An advanced 3D skin model developed at King's College London (KCL) may reduce the need for animal models in cosmetic testing.
The model uses stem cell derived keratinocytes, the primary cell type of the epidermis, the outermost layer of skin. Over time, they were able to build up the cells into a 3D structure called a human epidermal equivalent, or HEE, that both physically and functionally resembles the natural permeable barrier of the skin.
HEE models are widely used to test skin disorders, drugs, and cosmetics in the laboratory. However, previous models have been limited by two key aspects: development and scalability. First, they were not able to engineer a functional permeability barrier. Second, stem cells generated from a biopsy sample of epidermis could only produce a limited number of HEEs; furthermore, they may contain mutations that could affect experimental results.
'Our new method can be used to grow much greater quantities of lab-grown human epidermal equivalents, and thus could be scaled up for commercial testing of drugs and cosmetics', explained Dr Dusko Ilic, head of the KCL research team.
The major function of the skin is to form a permeable barrier against the external environment, against pathogens, heat and water loss. Skin diseases such as atopic dermatitis (also known as eczema) and Ichthyoses (characterised by thickened flaky skin) affect the permeability of the skin, ranging from mild to severe. These skin diseases and related disorders are commonly tested using animal models. Although similar diseases are also present is some animals, there are no suitable in vitro models for such diseases. The new HEE model overcomes this limitation.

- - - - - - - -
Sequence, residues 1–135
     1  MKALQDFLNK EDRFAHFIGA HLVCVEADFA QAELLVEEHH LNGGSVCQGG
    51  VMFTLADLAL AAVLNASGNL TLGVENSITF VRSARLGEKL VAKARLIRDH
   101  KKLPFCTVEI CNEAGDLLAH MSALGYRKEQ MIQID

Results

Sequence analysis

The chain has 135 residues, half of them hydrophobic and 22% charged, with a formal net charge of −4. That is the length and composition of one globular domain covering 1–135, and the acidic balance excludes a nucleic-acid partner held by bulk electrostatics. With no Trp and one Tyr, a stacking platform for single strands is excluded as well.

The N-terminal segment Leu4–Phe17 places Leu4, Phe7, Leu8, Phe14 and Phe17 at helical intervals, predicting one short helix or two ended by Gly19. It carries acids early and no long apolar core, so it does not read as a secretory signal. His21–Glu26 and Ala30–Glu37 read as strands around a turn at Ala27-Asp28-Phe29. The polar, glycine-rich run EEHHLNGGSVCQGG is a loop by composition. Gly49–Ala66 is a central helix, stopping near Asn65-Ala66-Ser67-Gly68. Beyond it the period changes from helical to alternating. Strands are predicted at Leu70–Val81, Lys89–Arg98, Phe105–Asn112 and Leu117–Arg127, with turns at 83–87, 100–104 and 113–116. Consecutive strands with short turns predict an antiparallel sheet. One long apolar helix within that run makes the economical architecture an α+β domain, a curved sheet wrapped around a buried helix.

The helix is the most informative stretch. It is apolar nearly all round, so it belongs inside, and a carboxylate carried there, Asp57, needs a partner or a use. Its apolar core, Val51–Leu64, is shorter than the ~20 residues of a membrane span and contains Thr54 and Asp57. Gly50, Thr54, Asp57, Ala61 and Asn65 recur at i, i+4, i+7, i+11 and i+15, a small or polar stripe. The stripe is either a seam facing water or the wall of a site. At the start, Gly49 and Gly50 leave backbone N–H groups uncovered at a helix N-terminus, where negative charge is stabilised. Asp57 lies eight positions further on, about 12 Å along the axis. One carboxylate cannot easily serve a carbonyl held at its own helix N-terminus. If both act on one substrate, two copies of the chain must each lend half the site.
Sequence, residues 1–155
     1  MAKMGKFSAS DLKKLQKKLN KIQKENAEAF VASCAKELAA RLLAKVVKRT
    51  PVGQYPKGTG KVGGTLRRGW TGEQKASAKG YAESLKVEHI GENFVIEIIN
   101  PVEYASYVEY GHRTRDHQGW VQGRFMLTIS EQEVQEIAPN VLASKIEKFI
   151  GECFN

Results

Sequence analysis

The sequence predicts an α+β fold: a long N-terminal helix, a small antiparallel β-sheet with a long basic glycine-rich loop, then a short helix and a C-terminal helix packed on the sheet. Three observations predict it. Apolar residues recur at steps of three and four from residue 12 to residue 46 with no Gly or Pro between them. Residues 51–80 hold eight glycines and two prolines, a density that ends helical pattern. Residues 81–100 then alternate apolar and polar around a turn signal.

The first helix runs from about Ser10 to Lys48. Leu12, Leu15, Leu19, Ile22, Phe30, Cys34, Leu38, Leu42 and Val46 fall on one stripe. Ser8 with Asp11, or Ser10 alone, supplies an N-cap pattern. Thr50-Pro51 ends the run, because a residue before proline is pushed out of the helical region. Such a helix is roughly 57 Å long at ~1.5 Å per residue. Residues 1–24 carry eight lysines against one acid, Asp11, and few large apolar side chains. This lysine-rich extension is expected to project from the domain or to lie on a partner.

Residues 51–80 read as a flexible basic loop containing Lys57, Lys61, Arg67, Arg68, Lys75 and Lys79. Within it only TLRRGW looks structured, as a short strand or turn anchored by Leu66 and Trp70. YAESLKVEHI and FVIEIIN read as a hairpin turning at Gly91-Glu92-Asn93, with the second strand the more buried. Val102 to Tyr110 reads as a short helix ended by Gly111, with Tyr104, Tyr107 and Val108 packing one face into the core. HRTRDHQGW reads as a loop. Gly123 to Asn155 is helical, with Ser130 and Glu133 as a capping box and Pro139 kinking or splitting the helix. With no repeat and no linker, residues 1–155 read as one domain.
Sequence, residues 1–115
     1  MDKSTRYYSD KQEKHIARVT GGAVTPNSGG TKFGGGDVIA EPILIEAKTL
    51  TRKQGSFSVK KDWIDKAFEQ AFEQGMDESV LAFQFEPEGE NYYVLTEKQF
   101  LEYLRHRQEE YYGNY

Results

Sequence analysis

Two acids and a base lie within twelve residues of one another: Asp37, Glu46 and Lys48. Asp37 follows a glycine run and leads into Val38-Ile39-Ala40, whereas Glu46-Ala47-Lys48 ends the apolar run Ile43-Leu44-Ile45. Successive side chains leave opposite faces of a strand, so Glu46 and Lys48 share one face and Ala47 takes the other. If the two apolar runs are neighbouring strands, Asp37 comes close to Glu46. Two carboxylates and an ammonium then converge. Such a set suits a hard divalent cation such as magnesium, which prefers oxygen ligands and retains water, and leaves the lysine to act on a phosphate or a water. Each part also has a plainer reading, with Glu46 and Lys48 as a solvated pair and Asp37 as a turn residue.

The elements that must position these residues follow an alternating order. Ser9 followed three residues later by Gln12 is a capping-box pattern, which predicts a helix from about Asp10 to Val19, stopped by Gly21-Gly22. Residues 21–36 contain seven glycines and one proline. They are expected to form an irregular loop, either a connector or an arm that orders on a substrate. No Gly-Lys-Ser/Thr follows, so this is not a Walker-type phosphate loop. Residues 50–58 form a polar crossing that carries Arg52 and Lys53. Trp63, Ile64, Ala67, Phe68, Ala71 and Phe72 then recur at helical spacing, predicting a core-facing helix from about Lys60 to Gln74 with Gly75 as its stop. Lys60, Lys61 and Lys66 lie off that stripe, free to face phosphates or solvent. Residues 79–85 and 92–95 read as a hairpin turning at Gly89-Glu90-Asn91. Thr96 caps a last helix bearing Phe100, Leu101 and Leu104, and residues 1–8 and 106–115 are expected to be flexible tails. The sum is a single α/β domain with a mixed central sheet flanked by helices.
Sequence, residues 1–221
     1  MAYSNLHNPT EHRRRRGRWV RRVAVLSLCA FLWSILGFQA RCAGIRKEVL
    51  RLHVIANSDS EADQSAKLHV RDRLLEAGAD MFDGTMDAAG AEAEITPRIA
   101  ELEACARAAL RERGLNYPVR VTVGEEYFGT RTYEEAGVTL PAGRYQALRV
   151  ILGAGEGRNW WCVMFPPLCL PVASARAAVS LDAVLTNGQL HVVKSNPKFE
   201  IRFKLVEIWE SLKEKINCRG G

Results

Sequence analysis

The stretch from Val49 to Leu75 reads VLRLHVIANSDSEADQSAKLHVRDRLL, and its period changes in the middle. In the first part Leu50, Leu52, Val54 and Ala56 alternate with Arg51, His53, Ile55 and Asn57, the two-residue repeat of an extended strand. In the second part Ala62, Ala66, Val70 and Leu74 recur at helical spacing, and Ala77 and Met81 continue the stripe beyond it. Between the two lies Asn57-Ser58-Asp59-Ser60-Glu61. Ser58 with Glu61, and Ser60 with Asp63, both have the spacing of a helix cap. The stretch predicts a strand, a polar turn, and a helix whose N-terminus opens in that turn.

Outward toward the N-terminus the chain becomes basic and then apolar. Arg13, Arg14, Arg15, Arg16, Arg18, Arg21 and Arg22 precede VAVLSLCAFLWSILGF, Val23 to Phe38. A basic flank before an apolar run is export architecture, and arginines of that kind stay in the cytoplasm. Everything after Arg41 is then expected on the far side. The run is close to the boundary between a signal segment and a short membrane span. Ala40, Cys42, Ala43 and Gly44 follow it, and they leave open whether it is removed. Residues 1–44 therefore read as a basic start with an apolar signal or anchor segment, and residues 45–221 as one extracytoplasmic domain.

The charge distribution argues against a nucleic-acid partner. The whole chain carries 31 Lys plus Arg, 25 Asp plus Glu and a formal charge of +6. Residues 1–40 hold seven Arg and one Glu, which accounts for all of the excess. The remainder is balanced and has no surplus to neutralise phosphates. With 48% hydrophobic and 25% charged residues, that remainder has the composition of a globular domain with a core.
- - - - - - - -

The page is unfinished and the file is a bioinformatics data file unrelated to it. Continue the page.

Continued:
This research could reduce the amount of animal models that are currently used in research. Research and toxicology director of the The Humane Society International, Troy Seidle explained, 'this new human skin model is superior scientifically to killing rabbits, pigs, rats or other animals for their skin and hoping that research findings will be applicable to people - which they often aren't, due to species differences in skin permeability, immunology, and other factors'.
The market for advanced, cost-effective in vitro skin models like the KCL model are expected to increase as regulations become stricter on the import and sale of cosmetics with ingredients tested on animals. Lead author Anastasia Petrova explained in the publication that 'HEEs with a functional permeability barrier generated completely in vitro from either [human embryonic or iPS, induced pluripotent stem cells], as described here, might present the best available answer'.